Lord Greville Janner of Braunstone QC, chairman of the Holocaust Educational Trust said: “We must not let the passage of time diminish the importance of bringing justice to the victims of Hitler’s regime. Both the possessions and the lives of an entire generation were stolen during the Holocaust and the symbolic importance of returning assets wrongfully taken by the Nazis should not be underestimated.” Hitler did not give up his spoils easily and as the war turned he ordered one of his most detailed military operations: a 13-month, precision-planned relocating of the treasures.
As the Allies pushed forward from the Normandy beaches a snake line of trucks laboured through the snowy, mountainous terrain of the upper Danube to deposit a bewildering cargo in a series of salt mines. The entrance to the Steinberg mine was a six-foot high tunnel leading to a labyrinth with huge caverns that were floored and fitted with lighting and dehumidifiers.
It received 6,755 old master paintings, 230 drawings, 1,039 prints, 95 tapestries, 68 sculptures, 43 cases of objects d’art, innumerable pieces of furniture and 400 cases of valuable books. The last convoy arrived at the mine less than a month before VE Day.
A failed artist himself, Hitler was no ordinary art lover. His folksy style and poor drawing skills led to repeated rejection from art schools and the indignity burned deep. A determination to impose his world view of culture shadowed every moment to his death. An architect’s scale model of a master-planned Linz, built around the Führermuseum, was at his side when he committed suicide in the Berlin bunker.
“Hitler was trying to build a new Linz with all his effort. It was a very emotional project for him and there was no reality in it,” says Birgit Kirchmayr, curator of a 2009 exhibition in Linz about the looted art. “He was still buying and ‘acquiring’ paintings up to the end.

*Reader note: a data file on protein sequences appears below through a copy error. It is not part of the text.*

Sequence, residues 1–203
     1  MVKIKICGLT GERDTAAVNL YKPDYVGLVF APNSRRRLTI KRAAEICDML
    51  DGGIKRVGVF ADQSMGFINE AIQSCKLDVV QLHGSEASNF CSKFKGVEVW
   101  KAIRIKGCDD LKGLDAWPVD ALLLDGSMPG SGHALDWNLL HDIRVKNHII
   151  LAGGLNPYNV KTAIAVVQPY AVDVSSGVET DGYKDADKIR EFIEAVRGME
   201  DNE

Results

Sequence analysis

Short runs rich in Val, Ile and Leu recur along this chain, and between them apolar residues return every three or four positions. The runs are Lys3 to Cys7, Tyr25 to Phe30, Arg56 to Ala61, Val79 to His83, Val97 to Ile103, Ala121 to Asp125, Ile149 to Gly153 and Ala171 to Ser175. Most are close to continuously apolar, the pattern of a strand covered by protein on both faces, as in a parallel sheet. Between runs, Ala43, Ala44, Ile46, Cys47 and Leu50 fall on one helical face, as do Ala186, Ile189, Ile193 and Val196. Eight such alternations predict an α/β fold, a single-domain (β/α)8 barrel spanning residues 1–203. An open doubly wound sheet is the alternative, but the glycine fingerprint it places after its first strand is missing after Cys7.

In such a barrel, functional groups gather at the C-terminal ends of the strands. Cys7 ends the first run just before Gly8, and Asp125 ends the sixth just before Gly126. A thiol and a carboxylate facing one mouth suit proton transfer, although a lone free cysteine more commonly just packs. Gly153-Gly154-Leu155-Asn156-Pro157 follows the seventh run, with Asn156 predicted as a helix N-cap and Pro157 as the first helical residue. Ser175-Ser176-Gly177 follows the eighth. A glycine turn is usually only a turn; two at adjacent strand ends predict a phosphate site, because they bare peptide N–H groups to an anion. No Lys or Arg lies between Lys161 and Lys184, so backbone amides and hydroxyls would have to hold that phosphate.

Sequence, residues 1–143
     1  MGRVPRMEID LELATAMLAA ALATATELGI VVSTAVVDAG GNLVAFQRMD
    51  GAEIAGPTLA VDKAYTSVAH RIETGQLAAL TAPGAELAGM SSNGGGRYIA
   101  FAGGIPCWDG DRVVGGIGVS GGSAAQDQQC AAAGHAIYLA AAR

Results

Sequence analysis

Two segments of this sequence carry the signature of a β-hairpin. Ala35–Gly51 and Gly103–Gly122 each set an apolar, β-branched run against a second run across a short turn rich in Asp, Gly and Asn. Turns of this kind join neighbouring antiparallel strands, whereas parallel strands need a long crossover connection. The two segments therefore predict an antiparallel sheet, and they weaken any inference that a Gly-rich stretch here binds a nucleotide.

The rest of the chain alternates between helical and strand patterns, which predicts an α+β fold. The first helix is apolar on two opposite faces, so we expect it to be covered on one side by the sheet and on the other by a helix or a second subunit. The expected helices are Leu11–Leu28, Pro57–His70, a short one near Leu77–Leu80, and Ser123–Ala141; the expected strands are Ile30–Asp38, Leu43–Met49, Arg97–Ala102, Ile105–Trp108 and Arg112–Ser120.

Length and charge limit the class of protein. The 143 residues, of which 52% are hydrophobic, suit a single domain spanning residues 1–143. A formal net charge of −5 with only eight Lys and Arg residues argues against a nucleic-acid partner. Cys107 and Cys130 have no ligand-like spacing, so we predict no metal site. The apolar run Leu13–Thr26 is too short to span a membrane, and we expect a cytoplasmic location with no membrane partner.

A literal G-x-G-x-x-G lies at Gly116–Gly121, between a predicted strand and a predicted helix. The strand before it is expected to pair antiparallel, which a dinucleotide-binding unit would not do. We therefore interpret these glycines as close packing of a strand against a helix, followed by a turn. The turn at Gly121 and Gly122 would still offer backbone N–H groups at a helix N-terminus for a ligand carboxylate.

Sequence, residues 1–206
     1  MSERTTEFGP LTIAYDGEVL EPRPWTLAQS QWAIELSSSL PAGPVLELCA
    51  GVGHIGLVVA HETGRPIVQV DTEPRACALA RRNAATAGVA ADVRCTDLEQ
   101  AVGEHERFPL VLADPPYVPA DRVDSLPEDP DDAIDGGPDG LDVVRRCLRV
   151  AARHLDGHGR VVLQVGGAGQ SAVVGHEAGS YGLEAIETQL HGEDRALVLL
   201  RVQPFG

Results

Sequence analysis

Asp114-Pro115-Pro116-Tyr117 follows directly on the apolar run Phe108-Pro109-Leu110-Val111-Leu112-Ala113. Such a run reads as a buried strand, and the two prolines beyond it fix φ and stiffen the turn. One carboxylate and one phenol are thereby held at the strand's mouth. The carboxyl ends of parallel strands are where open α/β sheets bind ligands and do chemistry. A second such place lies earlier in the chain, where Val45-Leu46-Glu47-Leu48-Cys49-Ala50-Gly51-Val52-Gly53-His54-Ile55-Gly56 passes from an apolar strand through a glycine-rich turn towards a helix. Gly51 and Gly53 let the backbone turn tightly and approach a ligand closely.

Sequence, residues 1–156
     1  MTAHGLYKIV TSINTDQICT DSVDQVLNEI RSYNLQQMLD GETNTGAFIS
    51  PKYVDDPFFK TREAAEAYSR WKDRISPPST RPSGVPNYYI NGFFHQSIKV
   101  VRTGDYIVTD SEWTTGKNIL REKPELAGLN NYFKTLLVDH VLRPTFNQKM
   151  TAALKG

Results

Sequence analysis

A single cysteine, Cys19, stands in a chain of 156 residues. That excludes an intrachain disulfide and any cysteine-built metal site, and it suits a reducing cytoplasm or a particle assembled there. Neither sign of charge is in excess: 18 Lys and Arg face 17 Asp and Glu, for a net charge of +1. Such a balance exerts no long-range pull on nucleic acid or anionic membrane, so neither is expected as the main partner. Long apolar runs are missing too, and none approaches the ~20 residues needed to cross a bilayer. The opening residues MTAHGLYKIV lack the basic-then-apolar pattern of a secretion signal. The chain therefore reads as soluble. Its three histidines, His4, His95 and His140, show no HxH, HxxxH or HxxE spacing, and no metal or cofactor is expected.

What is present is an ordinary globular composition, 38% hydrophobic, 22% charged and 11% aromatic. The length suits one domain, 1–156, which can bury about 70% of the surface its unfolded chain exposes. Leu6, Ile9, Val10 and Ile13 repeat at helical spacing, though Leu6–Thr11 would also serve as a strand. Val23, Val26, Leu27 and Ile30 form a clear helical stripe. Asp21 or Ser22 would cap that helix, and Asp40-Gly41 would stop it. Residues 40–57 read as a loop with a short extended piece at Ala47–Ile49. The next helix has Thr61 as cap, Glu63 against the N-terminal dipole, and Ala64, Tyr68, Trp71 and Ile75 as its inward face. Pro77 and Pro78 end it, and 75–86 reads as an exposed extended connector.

“The Nazis banned artists, poets, writers and their works. We have a letter from the SS to a library asking if it had taken the banned books off its shelves. His control was not just military, he wanted to control what people read and saw and remove any influences that did not fit with his view.”
The fact that so much art survived is a testimony to the Allies decision to protect Europe’s culture and set up the Monuments Men.
Major Ronald Balfour, a fellow of King’s College Cambridge, was the first to report the theft of Michelangelo’s Bruges Madonna stolen by the Nazis from the Belgian city’s cathedral. He died on March 10, 1945, when hit by an artillery shell as he was saving a sculpture.
“They were incredible heroes. It is an astonishing story of how these men walked away from safe positions in academia to be part of a generation that put things right,” said Mr Edsel.
“The Monuments Men protected culture through the combat and ensured that ‘to the victor, do not belong the spoils of war’. The gold standard of caring for culture was set in the Second World War.
“It is a lesson that should be heeded, particularly when you look at what happened in Iraq and the treatment of the national museum of Baghdad. There were only ever 350 of them and they stayed on until 1951 doing a difficult job.
“We owe them a debt of gratitude and 65 years on it still matters.”